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A New Economic Plan For Puerto Rico

Puerto Rico has had a fairly simple economic plan for decades. The plan is based on preferential tax treatment for U.S. based and foreign corporations, and some fear that if Puerto Rico gives up its territorial status, this perceived economic advantage will also be lost.

The theory behind this strategy is straightforward: by offering very low tax rates for corporations, Puerto Rico can lure U.S. corporations its shores. These corporations, it is thought, will then provide jobs and spend money in Puerto Rico, boosting the island’s economy.

How is that working out for Puerto Rico?

  • The economy has declined for all but two of the past nine years, while neighboring Caribbean nations saw increases.
  • Puerto Rico’s labor participation rate, the percentage of people of working age who are employed, is 20% lower than that of the rest of the U.S.
  • Puerto Rico’s debt is equal to 95.7% of the gross domestic product of the island.
  • The per capita income of Puerto Rico is $18,080, lower than Cuba as well as all 50 states.
  • The per capita income fell by $1,000 between 2004 and 2013, while even the poorest states saw a rise.

Clearly, things are not going well for Puerto Rico economically.

Robert Shapiro,chair of NDN’s Global Initiative, has an alternative to suggest. In a new paper, Dr. Shapiro compares Puerto Rico to Ireland. Just as Ireland has been able to position itself as a low-cost option for foreign companies hoping to access the lucrative UK market, Puerto Rico can offer foreign investors an affordable access point for the US market.

“Ireland,” Shapiro points out, “transformed itself over one generation from the poorest country in the E.U. to one of its most prosperous members.”

Puerto Rico has some advantages already: a skilled, low cost workforce, easy travel and trade to and from the mainland US, and a bilingual population. With both Spanish and English already in place, Puerto Rico can attract both Latin American companies used to trading in Spanish and European and Asian companies used to trading in English.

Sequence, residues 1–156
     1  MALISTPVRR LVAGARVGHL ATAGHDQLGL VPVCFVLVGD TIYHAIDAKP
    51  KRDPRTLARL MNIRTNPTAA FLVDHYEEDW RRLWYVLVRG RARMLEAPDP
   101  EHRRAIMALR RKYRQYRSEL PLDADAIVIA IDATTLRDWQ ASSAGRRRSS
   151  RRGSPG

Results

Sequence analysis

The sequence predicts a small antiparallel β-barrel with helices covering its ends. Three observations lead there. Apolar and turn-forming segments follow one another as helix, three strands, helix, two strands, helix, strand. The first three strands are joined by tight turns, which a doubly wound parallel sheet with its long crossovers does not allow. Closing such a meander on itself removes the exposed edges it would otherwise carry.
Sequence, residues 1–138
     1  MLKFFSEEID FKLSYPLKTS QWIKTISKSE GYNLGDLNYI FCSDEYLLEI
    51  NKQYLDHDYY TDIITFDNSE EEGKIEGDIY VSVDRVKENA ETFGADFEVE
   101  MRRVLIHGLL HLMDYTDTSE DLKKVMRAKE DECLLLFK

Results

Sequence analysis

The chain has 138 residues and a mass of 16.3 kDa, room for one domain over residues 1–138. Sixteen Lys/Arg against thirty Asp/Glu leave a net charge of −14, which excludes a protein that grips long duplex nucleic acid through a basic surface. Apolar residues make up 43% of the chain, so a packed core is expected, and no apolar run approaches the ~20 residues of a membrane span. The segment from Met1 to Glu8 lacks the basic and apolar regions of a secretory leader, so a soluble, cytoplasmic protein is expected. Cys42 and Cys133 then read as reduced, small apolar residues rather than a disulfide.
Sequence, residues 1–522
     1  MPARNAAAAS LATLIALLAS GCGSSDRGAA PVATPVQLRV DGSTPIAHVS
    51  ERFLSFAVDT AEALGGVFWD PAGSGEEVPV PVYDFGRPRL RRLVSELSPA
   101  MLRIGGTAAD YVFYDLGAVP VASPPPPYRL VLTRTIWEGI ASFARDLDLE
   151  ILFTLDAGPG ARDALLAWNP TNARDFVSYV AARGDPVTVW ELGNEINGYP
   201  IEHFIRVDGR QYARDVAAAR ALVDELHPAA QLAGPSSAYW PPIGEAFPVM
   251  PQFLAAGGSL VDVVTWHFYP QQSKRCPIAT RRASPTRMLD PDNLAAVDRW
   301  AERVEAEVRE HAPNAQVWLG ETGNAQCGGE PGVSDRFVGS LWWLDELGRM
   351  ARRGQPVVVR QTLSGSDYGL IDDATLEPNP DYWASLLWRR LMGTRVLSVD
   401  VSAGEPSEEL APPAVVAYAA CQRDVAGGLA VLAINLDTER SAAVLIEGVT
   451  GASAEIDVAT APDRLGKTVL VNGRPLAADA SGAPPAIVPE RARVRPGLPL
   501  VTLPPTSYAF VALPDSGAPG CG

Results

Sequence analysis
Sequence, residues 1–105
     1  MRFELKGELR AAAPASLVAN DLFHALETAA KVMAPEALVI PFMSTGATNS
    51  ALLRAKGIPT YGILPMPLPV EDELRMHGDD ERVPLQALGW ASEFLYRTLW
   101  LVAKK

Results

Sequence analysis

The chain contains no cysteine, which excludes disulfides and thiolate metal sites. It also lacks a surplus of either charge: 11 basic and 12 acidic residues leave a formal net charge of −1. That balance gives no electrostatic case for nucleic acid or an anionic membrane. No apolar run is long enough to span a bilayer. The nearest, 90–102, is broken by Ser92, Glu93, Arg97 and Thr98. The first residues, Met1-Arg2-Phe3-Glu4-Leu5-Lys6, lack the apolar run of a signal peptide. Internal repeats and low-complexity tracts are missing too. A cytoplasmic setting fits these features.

Shapiro emphasizes that Ireland’s transformation wasn’t just a marketing push. By focusing on very strategic initiatives for education, finance, and business-friendly infrastructure, Ireland was able to become a very welcoming environment for businesses. Puerto Rico would need to do the same.

Puerto Rico has weaknesses in its infrastructure, particularly in the area of energy costs and transport (logistics) which make it less attractive for businesses. Rethinking government regulations and tax policies could also make a difference, Shapiro suggests.

Puerto Rico’s “long reliance on U.S. tax breaks for American corporations operating there to spur growth and modernization has failed,” Shapiro concludes.  “Like Ireland and its relationship to the E.U., Puerto Rico can offer a low-cost platform for foreign multinationals to engage in the U.S. market.  The key to this new approach lies in the deliberate and sometimes politically difficult promotion of the economic and political conditions that attract large volumes of foreign direct investment.”

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